A United Nations report last week that criticized the CIA’s targeted killings warned that officials involved in coordinating these attacks might be subject to legal prosecution. That includes the people involved in approving the missions, those flying the drones and even those manning the camera and weapons systems.
The report was issued shortly after al-Qaeda’s third-in-command, Mustafa Abu al-Yazid, was confirmed dead by the terrorist organization after a Predator drone strike reportedly killed him in Pakistan on May 21.
The news of al-Yazid’s death coupled with the UN’s criticism reveals the conundrum facing the international community:
Clearly the UN does not trust the United States (or other nations that use drone strikes like Russia and Israel) to be judge, jury and executioner of those they consider to be a threat to domestic or global security. But by using these unmanned aerial vehicles, the U.S. has been able to take out terrorist leaders without putting much of its own personnel at risk (though some still carry out missions inside hostile territory).
From a moral and strategic standpoint, which intertwine in some circumstances, the use of drones brings up myriad questions. For instance, are these strikes worth the death of civilians who are accidentally targeted by drones, which can spur the recruitment of the affected population into terrorist organizations?
Reports vary widely on how many civilians have been killed by unmanned aerial vehicles. According to the UN, the number in Pakistan ranges from 20 to several hundred. Peter Singer, the author of “Wired for War: The Robotics Revolution and Conflict in the 21st Century” and a senior fellow at the Brookings Institution, said some Pakistani newspapers have claimed the number to be closer to 2,000.
Regardless of the exact figure, of which Singer is unsure, he said that public perception is key to the whole process, which can work to either help or hurt terrorist organizations in recruiting new personnel, depending upon the circumstances.
“There is a truth somewhere in (those numbers), but that actually is different from what the perception of the public in the two places is,” he said. “Essentially we may be operating with great care and precision, and I actually think that is a fact, but the reality 7,000 miles away is perceived as something different.”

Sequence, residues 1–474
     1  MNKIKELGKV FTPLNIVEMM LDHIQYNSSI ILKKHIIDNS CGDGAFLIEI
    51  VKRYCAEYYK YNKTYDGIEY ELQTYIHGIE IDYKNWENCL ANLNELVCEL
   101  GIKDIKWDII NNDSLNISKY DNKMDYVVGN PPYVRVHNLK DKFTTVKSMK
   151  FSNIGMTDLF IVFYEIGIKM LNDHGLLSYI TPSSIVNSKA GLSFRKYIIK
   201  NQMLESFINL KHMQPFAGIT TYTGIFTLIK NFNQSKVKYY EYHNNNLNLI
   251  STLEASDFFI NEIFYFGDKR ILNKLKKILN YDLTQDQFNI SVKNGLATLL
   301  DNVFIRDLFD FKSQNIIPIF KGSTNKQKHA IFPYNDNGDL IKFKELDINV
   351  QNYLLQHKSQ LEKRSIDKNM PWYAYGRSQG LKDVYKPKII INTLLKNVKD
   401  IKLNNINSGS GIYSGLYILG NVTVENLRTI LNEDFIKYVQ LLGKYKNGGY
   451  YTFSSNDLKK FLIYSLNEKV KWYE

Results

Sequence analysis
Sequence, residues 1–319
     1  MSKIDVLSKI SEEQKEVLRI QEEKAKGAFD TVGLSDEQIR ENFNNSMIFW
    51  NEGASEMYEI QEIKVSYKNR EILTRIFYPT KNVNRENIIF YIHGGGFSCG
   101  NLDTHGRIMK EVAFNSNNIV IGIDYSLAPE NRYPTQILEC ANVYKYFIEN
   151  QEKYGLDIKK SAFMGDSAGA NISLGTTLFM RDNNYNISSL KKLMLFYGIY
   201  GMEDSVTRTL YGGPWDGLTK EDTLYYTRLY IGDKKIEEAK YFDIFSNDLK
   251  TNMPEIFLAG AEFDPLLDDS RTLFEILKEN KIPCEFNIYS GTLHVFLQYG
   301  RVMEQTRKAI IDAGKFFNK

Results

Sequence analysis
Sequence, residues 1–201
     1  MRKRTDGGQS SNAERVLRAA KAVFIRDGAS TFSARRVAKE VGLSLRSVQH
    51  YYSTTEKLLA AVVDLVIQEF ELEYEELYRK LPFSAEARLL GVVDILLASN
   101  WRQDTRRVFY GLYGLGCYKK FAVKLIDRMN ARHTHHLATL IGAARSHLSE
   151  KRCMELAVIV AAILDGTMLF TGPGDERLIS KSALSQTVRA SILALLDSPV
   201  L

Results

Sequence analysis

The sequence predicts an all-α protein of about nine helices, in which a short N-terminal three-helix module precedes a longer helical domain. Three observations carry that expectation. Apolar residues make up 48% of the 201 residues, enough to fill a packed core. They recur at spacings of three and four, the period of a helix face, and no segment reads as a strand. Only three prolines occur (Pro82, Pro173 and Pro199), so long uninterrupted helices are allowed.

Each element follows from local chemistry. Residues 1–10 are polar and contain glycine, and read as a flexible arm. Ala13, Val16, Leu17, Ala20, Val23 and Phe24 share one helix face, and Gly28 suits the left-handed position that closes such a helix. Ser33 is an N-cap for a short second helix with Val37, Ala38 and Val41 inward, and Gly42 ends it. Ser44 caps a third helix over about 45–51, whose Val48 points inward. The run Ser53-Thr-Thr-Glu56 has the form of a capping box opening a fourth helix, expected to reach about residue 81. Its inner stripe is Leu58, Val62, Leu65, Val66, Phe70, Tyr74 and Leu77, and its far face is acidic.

“We’ve killed a lot of bad guys. The concern is are we getting into a cycle of ‘Whack-a-Mole,’ the carnival game where you’re knocking one guy down and another one pops up,” Singer said.
There are potential legal ramifications to the CIA drone strikes as well. According to a Washington Post opinion piece written by Gary Solis, a law professor at Georgetown University Law Center:
“It makes no difference that CIA civilians are employed by, or in the service of, the U.S. government or its armed forces. They are civilians; they wear no distinguishing uniform or sign, and if they input target data or pilot armed drones in the combat zone, they directly participate in hostilities — which means they may be lawfully targeted.”
The UN report echoed Solis’ sentiment that the strikes may be unlawful. It said that targeted killings are only legal if they aim for civilians who “directly participate in hostilities,” which does not include individuals who only provide “financial support, advocacy or non-combat aid.”
Robert Young Pelton, a filmmaker and author who travels to conflict zones all over the world, said the use of drones for targeted killings is troubling in a different sense.
“These are probably the coldest executions created by mankind,” he said. “Lawyers, spies, all sorts of people make this the most lethal, most specific, most sanitized version of political assassination that I’ve seen.”
Despite the cold nature of the targetings, Pelton said the “drone strikes are the single most effective tool against al-Qaeda.”
With all the perspectives through which to view this controversy, there is one question that stands out above the rest: Will the drone strikes help bring an end to terrorism?
Civilian casualties, legal issues and moral dilemmas are all important issues to weigh, but the ability to fight terrorists without risking the lives of American troops, and without waging another messy land war is critical.
In this sense, Peter Singer has identified the biggest challenge of all: “The danger of the technology is that it’s very seductive,” he said. “The policy challenge is figuring out when it’s worth that blowback effect. It may be worth it for the No. 3 (terrorist in al-Qaeda), it may not be worth it for the (average terrorist) you can’t identify.